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Space Exploration: Igniting Curiosity, Fuelling Progress

by Eddie Rayner

Serco Group is a British multinational company that operates in the outsourcing services sector, providing a wide range of services to governments and private sector clients around the world. Serco’s services span various industries including defence, transport, healthcare, justice, immigration, and, one of the fastest-moving sectors today, space, where it provides support services for satellite operations, space exploration, and related activities. We caught up with Amar Vora, Head of Space at Serco Middle East, to talk about the company’s expanding presence in Saudi Arabia and its new graduate programme for students looking to move into the space sector.

“We have been running a graduate management programme globally that is quite generic, and in the UK and across Europe we have also offered entry-level and apprenticeship roles in the space sector. But we never really thought to bring the two together, until now,” Amar begins.

“Space is one of the pillars that is identified in Vision 2030 as being a priority.”

“But now the time is right. It’s really down to the market and the region that we’re working in, especially with the trajectory that Saudi Arabia is currently on. Obviously, Vision 2030 is a big agenda at the moment as the Kingdom moves away from oil and gas, and space is one of the pillars that is identified in the Vision as being a priority.”

With the Saudi National Space Strategy due to be launched later this year, Amar believes that there will be a big emphasis on the development of human capital skills in the region. “Globally, there’s a big issue around space skills shortage, so we looked into what we could do to support the sector within Saudi Arabia.

“Their qualifications do not have to be space-specific as long as they can demonstrate that they have a passion for space”

“It’s really about developing future national leaders within space in the Kingdom and, although we launched our Saudi space division back in March this year, so it’s still quite new, our plans are to recruit and enable nationals to lead and deliver space services in the Kingdom and across the region. We’ve seen that there is actually a lot of good talent coming out of university in terms of space knowledge, but we need to find a way to allow this knowledge to be applied in an operational context, which is why, through this programme we’ve created, we are essentially in the right place at the right time!”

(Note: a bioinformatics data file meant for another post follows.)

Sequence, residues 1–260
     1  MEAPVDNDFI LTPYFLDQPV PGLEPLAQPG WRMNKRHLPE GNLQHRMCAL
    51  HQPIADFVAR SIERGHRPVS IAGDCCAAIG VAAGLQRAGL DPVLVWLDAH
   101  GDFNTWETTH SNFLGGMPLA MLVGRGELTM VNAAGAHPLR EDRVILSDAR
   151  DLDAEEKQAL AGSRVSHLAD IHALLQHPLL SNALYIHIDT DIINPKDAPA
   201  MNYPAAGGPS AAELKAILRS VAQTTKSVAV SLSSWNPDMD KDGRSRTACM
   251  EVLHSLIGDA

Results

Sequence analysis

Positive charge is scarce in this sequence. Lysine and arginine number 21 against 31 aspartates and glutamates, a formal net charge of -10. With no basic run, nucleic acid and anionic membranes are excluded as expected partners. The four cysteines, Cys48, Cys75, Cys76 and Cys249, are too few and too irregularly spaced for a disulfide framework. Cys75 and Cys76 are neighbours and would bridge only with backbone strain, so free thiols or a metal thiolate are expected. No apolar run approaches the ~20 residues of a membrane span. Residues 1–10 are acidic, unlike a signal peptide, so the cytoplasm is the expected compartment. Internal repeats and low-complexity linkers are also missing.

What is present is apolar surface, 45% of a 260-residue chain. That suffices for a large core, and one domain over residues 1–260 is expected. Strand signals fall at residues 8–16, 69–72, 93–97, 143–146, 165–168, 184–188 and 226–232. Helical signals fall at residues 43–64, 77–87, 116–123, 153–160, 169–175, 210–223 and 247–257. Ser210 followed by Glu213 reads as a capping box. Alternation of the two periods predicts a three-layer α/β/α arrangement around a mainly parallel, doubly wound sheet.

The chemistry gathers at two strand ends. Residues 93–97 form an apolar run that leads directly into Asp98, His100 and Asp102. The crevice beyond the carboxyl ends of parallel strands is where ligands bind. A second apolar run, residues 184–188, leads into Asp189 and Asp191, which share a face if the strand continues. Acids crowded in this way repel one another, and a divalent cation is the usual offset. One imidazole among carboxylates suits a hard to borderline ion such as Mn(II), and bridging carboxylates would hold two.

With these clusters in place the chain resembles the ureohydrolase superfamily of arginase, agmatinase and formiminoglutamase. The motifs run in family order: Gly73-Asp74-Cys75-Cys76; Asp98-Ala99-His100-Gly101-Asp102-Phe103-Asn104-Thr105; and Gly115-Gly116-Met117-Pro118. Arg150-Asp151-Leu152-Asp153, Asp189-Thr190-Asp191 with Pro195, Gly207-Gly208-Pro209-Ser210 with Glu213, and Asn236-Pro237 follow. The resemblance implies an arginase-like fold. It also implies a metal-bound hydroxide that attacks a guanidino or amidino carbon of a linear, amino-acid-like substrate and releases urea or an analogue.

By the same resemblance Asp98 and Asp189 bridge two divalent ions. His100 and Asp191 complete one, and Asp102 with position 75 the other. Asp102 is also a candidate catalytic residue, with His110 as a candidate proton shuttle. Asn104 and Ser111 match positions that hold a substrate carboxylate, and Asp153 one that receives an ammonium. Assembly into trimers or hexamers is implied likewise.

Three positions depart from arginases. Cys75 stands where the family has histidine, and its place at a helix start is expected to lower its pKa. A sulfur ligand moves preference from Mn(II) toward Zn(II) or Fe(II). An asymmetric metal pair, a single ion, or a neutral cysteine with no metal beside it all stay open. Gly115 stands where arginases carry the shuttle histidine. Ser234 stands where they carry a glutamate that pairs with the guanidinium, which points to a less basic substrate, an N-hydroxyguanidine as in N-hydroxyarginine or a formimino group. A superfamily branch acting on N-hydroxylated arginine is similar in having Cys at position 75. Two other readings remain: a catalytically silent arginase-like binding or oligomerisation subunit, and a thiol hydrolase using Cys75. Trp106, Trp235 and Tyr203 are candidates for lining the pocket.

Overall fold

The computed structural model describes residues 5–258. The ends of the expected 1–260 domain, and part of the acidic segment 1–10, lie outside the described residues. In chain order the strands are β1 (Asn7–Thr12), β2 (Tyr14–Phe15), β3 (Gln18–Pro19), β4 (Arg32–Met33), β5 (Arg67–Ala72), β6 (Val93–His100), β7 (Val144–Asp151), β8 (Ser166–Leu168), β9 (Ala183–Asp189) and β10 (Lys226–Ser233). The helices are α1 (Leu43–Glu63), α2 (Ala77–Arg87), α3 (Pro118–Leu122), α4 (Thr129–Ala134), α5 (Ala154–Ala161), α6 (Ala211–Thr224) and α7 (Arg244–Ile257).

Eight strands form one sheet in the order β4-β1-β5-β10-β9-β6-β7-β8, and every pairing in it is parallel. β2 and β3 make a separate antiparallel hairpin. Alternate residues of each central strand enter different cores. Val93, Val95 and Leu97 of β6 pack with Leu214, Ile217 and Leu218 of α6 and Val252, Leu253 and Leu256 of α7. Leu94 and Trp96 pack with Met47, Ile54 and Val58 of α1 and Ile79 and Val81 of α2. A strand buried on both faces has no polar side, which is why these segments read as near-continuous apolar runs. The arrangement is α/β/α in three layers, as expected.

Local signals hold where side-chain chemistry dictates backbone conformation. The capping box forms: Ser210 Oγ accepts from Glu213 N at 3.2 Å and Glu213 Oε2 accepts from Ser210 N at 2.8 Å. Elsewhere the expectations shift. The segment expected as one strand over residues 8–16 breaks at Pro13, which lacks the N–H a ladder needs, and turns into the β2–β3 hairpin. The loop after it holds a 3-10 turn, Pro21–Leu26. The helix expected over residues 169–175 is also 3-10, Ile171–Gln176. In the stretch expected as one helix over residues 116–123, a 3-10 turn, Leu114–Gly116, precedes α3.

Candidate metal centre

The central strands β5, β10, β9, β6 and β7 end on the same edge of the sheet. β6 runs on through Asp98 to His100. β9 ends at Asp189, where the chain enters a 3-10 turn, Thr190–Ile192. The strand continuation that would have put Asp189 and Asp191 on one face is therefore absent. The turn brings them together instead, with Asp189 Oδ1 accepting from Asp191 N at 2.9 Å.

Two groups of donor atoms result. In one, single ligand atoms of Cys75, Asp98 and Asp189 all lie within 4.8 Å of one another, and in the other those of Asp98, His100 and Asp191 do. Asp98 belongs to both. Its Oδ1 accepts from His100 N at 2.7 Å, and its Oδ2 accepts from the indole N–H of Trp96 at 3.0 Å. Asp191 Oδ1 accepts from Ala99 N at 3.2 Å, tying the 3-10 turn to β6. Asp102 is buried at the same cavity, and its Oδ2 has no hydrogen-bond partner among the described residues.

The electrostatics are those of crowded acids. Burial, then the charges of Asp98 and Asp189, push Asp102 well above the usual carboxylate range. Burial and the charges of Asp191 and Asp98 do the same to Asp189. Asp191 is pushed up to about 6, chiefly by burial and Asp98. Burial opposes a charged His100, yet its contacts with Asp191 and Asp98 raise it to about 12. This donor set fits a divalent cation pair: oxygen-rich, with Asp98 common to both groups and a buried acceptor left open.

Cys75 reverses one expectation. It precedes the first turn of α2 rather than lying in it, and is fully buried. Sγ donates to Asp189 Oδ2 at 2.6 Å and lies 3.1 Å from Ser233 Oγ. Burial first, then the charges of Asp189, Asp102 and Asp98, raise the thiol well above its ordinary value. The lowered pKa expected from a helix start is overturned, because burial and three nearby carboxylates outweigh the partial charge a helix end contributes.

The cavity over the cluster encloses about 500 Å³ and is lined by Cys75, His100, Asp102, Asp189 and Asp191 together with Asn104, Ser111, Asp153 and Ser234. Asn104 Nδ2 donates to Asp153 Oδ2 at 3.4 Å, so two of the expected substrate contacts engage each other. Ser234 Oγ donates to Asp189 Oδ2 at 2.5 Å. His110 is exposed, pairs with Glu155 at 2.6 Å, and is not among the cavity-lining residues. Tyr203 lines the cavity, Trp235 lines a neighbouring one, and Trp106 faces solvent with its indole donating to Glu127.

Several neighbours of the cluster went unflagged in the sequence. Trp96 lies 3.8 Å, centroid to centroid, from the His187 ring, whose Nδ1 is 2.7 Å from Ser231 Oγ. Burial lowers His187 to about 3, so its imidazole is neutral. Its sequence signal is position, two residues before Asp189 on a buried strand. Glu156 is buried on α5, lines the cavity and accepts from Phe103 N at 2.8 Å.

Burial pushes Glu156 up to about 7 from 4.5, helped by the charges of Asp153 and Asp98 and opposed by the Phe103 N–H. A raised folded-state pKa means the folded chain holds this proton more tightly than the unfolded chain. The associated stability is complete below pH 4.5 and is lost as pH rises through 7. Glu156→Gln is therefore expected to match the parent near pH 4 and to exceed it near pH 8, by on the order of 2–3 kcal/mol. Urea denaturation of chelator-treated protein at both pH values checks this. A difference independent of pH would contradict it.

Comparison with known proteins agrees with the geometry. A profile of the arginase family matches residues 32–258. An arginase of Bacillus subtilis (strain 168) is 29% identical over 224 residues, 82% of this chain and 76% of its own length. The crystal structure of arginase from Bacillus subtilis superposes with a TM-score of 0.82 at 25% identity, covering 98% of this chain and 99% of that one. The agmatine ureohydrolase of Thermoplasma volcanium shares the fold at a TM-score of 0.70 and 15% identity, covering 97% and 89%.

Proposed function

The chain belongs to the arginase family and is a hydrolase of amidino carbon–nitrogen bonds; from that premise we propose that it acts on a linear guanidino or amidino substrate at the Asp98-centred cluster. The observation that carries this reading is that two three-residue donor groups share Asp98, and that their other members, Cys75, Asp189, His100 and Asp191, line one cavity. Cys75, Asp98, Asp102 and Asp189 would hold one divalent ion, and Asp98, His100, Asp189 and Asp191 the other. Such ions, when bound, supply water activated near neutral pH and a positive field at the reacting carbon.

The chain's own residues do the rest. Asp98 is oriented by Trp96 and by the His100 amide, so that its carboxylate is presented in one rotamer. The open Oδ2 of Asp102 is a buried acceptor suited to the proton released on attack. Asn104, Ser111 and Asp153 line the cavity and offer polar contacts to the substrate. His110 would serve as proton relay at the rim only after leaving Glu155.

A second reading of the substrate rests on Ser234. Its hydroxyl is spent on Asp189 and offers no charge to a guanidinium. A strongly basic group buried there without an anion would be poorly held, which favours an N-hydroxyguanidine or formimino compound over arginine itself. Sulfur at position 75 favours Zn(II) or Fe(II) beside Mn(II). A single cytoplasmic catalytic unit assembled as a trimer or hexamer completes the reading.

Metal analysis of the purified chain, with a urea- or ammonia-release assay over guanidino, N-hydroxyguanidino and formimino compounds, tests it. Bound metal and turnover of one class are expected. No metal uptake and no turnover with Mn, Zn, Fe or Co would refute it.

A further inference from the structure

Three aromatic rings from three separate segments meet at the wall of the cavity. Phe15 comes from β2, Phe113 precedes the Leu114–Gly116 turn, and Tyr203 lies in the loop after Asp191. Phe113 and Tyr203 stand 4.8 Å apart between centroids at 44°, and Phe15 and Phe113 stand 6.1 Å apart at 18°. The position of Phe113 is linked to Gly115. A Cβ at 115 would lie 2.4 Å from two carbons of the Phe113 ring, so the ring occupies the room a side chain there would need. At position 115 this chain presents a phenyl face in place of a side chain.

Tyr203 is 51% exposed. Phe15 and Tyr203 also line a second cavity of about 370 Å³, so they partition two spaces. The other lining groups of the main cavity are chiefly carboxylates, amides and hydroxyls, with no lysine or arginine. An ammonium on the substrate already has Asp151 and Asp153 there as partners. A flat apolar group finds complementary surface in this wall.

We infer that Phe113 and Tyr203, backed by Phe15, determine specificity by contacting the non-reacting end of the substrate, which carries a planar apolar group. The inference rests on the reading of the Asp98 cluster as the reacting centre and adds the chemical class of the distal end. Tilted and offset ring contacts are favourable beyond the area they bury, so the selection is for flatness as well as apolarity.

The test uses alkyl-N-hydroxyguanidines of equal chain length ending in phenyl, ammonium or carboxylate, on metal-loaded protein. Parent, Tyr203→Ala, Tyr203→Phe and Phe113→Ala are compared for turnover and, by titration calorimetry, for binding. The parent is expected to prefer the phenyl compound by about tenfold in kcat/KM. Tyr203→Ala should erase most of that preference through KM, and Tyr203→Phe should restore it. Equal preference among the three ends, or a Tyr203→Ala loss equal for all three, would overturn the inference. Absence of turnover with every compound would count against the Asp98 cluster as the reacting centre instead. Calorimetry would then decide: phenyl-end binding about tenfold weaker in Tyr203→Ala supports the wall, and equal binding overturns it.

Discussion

Space: Where Dreams Take Flight

A good graduate is someone who combines their education with a strong set of personal qualities, skills, and the drive to continually develop and contribute positively to their field of expertise and the community. But which specific skills are Serco looking for and what qualifications should graduates have for consideration for its new graduate programme? 

“They should be recent or soon-to-be graduates and, in this case, Saudi nationals that have a STEM background,” Amar explains. “Their qualifications do not have to be space-specific as long as they can demonstrate that they have a passion for space, either through their own studies or through extracurricular activities. Typically, we would look for someone with an aerospace or mechanical or electrical engineering background, or even a computer science background, but if they’ve demonstrated a passion for space that’s a big plus.

“And as with the sector as a whole, Serco tends to look for applicants with a Bachelor’s Degree, although a Master’s would be preferable. It’s all about a candidate’s willingness to learn and willingness to work in a team, as well as their ability to work in an international environment. This latter point is important because we’ll be taking these graduates on operational contracts in Europe for a few months; they need to be comfortable and be able to work in this environment. They need to be conversant in different languages too, not just Arabic but also in English. Familiarity and comfort with being in a multinational environment, that’s really important for us.

“At Serco, we’ve been working in the space sector for 40 years, providing services to major space agencies”

Innovation that Reaches for the Stars

In this first two-year programme, Serco is looking to bring in two Saudi national graduate engineers, but in the longer term, it will be broadening its criteria and increasing the number of graduates it accepts.

“The two roles we are currently seeking to fill are actually specialist roles in the space sector: the first one will be a graduate spacecraft operations engineer who will be operating spacecraft, and the second is a graduate space data engineer who will be developing the knowledge and expertise to manage the data that we acquire from satellites,” Amar says.

“At Serco, we’ve been working in the space sector for 40 years, providing services to major space agencies, so what better way to develop the operational skills of the graduates than embed them into some of the world’s leading international facilities? So the graduate operations engineer will go for six months to Darmstadt in Germany, which is basically the home for the European Space Agency’s spacecraft operations, and it’s also where we have large teams operating spacecraft through Serco facilities on behalf of the European Space Agency. As a result, this engineer will be able to immerse him/herself in that role and be able to operate real spacecraft in orbit and become familiar with that, working alongside some of the industry experts we have at Serco.